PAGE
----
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Brooks Wilson's Economics Blog: Log Rolling Landrieu

Friday, November 20, 2009

Log Rolling Landrieu

From Jonathan Karl of ABC News ("The $100 Million Health Care Vote?") via the Drudge Report, we learn,
On page 432 of the Reid bill, there is a section increasing federal Medicaid subsidies for “certain states recovering from a major disaster.”

The section spends two pages defining which “states” would qualify, saying, among other things, that it would be states that “during the preceding 7 fiscal years” have been declared a “major disaster area.”

I am told the section applies to exactly one state: Louisiana, the home of moderate Democrat Mary Landrieu, who has been playing hard to get on the health care bill.

In other words, the bill spends two pages describing would could be written with a single world: Louisiana. (This may also help explain why the bill is long.)

Senator Harry Reid, who drafted the bill, cannot pass it without the support of Louisiana’s Mary Landrieu.

How much does it cost? According to the Congressional Budget Office: $100 million.
Log rolling is a legal and at times may be a useful legislative tool, but a $100 million payment to buy or sell a vote for a bill that will fundamentally change health care for 300 million Americans is immoral . It's like selling a vote to go to war. From Harry Reid's perspective, its cheap; thirty cents per American is a small price for Americans to pay to pass legislation that you support, particularly considering that it is other people's money. It also reveals that Reid is more concerned with "reforming" health care than with fiscal responsibility. It may also reveal Mary Landrieu's true measurement of the value of the bill. If Landrieu acted honestly for Louisiana's citizens and if Reid negotiated well for the rest of the country, the $100 million represents the state's opportunity cost. The people of Louisiana would be $100 million better off if the legislation fails.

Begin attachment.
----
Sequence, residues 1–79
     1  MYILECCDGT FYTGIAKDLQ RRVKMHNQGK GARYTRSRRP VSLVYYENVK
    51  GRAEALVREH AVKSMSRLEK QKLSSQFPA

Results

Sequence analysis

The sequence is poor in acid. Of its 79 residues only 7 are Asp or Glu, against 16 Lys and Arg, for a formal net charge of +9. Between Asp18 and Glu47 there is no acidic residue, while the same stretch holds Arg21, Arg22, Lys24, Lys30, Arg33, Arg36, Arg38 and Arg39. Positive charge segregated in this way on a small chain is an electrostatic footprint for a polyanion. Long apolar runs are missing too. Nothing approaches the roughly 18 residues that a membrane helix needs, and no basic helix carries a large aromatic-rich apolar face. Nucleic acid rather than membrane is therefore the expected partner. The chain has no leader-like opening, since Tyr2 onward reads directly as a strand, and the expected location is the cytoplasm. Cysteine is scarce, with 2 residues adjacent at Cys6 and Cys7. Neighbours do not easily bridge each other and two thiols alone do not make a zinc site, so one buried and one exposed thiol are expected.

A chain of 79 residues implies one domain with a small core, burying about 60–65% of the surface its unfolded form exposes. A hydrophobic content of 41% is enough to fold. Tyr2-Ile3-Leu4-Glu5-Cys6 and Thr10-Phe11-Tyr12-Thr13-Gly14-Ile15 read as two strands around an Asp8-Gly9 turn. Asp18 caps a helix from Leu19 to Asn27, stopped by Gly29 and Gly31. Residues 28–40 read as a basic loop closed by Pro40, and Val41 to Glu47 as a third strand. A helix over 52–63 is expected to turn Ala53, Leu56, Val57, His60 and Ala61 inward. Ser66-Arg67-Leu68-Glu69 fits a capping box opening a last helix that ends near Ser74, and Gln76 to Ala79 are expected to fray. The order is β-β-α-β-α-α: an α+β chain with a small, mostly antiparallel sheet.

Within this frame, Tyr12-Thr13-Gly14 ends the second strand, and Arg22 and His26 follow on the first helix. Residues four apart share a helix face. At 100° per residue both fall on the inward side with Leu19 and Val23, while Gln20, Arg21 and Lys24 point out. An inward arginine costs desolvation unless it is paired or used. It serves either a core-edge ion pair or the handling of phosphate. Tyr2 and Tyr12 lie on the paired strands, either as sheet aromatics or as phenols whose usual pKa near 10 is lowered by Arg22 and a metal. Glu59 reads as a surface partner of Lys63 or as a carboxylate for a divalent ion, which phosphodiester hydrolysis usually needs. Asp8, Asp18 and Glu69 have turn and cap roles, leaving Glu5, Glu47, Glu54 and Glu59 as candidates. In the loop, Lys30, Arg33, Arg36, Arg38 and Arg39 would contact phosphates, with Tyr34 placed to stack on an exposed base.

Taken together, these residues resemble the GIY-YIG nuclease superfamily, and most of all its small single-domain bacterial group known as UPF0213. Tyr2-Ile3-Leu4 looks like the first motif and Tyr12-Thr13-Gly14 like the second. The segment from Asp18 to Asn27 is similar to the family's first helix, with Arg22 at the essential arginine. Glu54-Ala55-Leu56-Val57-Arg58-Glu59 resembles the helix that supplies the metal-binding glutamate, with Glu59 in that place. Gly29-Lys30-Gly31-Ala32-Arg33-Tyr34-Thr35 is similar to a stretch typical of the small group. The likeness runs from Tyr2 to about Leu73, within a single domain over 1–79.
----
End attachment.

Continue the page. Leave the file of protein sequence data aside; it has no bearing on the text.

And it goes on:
In an earlier post, "Riddle Me This," I asked what is worse than Congress voting on bills that they have not read? My answer was proposing bills that cannot be understood if read. In that post, I referenced Nicholas Ballasy of CNSNews, ("Finance Committee Democrat Won’t Read Text of Health Bill, Says Anyone Who Claims They’ll Understand It ‘Is Trying to Pull the Wool Over Our Eyes’,") who quoted Sen. John Cornyn (Texas).
...the descriptive language the committee is working with is not good enough because things can get slipped into the legislation unseen.

“The conceptual language is not good enough,” said Cornyn. “We’ve seen that there are side deals that have been cut, for example, with some special interest groups like the hospital association to hold them harmless from certain cuts that would impact how the CBO scores the bill or determines cost. So we need to know not only the conceptual language, we need to know the detailed legislative language, and we need to know what kind of secret deals have been cut on the side which would have an impact on how much this bill is going to cost and how it will affect health care in America.”
Complex language may be part and parcel of writing legislation, but it also hides political payments that may be unpopular taxpayers. Perhaps this is why Reid is rushing the senate vote.

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